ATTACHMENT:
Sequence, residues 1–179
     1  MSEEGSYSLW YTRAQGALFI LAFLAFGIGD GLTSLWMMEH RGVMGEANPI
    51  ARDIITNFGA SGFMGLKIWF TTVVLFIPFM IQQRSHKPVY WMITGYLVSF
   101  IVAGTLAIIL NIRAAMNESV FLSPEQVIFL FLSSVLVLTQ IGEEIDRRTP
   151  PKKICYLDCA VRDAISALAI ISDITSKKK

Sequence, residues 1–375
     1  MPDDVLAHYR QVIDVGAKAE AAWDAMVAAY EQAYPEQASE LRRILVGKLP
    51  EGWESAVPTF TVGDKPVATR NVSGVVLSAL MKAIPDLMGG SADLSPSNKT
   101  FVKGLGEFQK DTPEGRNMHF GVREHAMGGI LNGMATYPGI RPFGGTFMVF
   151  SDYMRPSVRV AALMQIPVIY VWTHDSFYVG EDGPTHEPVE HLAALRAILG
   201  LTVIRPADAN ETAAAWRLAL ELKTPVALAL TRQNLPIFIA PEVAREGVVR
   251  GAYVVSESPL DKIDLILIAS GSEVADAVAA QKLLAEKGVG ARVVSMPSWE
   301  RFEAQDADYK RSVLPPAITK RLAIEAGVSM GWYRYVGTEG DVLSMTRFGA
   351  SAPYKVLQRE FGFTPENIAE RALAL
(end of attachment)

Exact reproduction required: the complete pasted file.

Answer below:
Sequence, residues 1–179
     1  MSEEGSYSLW YTRAQGALFI LAFLAFGIGD GLTSLWMMEH RGVMGEANPI
    51  ARDIITNFGA SGFMGLKIWF TTVVLFIPFM IQQRSHKPVY WMITGYLVSF
   101  IVAGTLAIIL NIRAAMNESV FLSPEQVIFL FLSSVLVLTQ IGEEIDRRTP
   151  PKKICYLDCA VRDAISALAI ISDITSKKK

Sequence, residues 1–375
     1  MPDDVLAHYR QVIDVGAKAE AAWDAMVAAY EQAYPEQASE LRRILVGKLP
    51  EGWESAVPTF TVGDKPVATR NVSGVVLSAL MKAIPDLMGG SADLSPSNKT
   101  FVKGLGEFQK DTPEGRNMHF GVREHAMGGI LNGMATYPGI RPFGGTFMVF
   151  SDYMRPSVRV AALMQIPVIY VWTHDSFYVG EDGPTHEPVE HLAALRAILG
   201  LTVIRPADAN ETAAAWRLAL ELKTPVALAL TRQNLPIFIA PEVAREGVVR
   251  GAYVVSESPL DKIDLILIAS GSEVADAVAA QKLLAEKGVG ARVVSMPSWE
   301  RFEAQDADYK RSVLPPAITK RLAIEAGVSM GWYRYVGTEG DVLSMTRFGA
   351  SAPYKVLQRE FGFTPENIAE RALAL